In order to keep their EASTWOOD property competitive, Wilson & Associates embarked on an 8.1 million dollar renovation in June 1989. The middle section of the mall was gutted and rebuilt as a 2-story Food Court. Moreover, a 2-level (130,000 square foot) Parisian was built -diagonally- into the existing structure. The exterior was also updated. The renewed, 750,000 square foot, EASTWOOD MALL was re-dedicated in late 1990.

The renovation failed to halt the mall's decline. This was exacerbated in October 1997, with the completion of THE SUMMIT {5.3 miles southwest, in Birmingham}. By the dawn of the 21st century, EASTWOOD MALL was virtually vacant. Its interior corridors were closed on August 1, 2004. Six stores with outside access remained in business.

Parisian was one the last to go. This store, which was only 14 years old, closed in January 2005. By mid-2006, EASTWOOD MALL was being bulldozed. Within months, the nation's fifth fully-enclosed, regional-class shopping mall was a pile of rubble.

Construction began on the new EASTWOOD VILLAGE in November 2006. This open-air power center, built by Birmingham-based MAP Development, was anchored by a 1-level (195,800 square foot) Wal-Mart SuperCenter. This store opened for business October 22, 2007. Other tenants in the 50 million dollar retail venue included Old Navy, Ross Dress For Less and a Ruby Tuesday restaurant.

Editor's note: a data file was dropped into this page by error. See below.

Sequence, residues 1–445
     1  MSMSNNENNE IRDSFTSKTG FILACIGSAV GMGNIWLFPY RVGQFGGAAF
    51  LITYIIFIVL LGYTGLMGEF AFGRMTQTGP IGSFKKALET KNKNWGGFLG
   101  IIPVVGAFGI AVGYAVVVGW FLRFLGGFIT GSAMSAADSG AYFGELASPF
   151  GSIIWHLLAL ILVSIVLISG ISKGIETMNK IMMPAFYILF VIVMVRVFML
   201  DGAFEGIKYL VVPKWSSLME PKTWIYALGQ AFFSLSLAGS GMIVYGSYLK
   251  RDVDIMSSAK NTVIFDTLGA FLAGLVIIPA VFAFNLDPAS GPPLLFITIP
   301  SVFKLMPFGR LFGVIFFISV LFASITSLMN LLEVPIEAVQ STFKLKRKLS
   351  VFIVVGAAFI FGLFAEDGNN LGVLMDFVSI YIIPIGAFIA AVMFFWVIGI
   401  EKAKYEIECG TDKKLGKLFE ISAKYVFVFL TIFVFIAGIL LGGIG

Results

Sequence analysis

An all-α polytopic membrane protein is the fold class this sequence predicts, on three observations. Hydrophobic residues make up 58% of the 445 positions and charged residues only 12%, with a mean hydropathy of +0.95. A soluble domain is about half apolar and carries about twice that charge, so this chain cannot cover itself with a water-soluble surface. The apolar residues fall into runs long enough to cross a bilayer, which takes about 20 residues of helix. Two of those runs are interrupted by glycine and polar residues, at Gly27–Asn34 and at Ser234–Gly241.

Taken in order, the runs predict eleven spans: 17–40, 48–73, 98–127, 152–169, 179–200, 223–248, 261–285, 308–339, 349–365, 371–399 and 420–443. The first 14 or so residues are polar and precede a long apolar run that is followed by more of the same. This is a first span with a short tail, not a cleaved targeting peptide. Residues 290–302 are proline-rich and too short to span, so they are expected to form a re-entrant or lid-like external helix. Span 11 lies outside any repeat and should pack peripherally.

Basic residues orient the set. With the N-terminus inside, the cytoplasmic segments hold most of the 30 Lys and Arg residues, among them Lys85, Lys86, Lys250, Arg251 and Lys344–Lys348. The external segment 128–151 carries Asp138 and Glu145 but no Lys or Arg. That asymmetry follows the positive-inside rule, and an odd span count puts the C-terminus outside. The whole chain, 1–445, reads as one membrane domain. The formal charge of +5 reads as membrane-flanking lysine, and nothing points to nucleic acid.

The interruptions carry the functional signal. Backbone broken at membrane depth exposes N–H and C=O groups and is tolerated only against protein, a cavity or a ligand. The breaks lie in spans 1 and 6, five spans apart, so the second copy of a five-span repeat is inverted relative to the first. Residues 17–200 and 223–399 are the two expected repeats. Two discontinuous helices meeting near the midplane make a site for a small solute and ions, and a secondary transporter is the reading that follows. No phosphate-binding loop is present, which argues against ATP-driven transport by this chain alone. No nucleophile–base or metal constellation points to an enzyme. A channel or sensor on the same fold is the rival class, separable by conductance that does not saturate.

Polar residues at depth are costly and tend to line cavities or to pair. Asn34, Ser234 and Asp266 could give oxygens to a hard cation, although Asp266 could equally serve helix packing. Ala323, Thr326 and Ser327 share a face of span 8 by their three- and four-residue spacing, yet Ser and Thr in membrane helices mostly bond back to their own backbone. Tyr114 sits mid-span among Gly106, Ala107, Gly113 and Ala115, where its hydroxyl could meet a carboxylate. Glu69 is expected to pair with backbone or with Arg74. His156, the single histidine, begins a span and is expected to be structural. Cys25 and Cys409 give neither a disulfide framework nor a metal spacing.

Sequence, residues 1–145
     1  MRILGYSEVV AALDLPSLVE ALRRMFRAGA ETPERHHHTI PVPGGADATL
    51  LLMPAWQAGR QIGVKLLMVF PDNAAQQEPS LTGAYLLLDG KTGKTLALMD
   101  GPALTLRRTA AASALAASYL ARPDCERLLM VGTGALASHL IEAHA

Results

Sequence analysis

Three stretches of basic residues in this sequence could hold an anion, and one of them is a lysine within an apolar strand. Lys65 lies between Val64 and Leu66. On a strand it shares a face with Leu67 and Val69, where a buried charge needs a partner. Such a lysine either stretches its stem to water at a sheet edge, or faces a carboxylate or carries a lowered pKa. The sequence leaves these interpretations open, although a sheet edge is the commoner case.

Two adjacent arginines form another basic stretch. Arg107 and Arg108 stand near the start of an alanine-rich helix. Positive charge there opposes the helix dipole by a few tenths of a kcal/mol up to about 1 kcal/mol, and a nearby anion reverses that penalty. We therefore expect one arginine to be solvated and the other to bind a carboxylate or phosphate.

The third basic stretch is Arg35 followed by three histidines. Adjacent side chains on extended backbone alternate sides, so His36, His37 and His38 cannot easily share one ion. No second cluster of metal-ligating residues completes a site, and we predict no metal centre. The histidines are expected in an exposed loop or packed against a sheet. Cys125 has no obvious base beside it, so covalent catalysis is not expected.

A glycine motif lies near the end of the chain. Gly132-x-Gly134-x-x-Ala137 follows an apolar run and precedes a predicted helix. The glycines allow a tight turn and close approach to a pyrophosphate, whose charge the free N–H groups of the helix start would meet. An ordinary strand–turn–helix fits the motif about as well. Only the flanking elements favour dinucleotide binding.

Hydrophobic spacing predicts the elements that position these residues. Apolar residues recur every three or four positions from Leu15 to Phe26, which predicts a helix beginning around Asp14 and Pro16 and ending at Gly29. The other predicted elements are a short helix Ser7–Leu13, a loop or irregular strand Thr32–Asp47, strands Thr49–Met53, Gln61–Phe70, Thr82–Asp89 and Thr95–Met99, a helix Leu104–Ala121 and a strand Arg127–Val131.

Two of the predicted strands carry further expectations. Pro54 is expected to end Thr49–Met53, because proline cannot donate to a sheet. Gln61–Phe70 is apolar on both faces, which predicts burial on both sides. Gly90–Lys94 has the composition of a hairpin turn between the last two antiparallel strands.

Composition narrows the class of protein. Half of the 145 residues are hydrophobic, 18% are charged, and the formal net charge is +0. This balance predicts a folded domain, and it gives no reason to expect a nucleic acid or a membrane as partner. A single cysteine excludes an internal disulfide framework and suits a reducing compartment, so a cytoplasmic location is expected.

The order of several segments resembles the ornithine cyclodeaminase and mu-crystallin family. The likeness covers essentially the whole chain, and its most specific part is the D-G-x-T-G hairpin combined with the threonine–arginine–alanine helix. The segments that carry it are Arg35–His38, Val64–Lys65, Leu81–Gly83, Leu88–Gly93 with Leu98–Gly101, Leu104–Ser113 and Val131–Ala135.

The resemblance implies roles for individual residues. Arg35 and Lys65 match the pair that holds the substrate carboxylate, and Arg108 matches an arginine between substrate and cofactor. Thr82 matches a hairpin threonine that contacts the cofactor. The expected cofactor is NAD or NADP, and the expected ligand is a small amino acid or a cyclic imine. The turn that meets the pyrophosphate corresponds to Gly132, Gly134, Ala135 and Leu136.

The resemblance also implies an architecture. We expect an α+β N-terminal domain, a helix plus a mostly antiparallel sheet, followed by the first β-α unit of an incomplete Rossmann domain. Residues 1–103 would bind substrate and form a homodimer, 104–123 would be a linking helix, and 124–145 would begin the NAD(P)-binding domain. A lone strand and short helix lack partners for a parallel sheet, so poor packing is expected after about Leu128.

Sources: / "Eastwood Mall" / Russell Wells
"Eastwood Mall" article on Wikipedia / resources / "Digital Project Eastwood Mall" / Birmingham Public Library
"50 Million Project Half Leased" / Birmingham News / June 29, 2006 / Michael Tomberlin, staff writer

Another mid-century housewife-type drudgery would be doing the family laundry. Only the more well-to-do would enjoy the luxury of owning one of the new-fangled automatic washers and dryers. Everyone else would have probably bought their wringer-type washing machine at the local Sears or "Monkey Wards".

The electric wringer washer had been introduced in 1907. Up into the late 1960s, a machine -such as the Maytag Master seen here- was the way many American mothers cleaned the family laundry. 

The wringer washer would have to be manually filled with water, using a garden hose. With dirty laundry in place inside the tub of the machine and detergent added, an agitator lever, or button, would be flipped "on". Mom could agitate the clothes for as long as desired, but there was no "automatic" setting.

When the clothes had been agitated sufficiently, every piece had to be run between the two rubber rollers of the wringer apparatus. Many a time, a kid would get their hand or arm caught in the wringer, causing an emergency situation for the family.

The articles of clothing would then go into a separate tub of rinse water and then be run though the wringer a second time. Then, everything would need to be hung out to dry on the typical, backyard clothes line.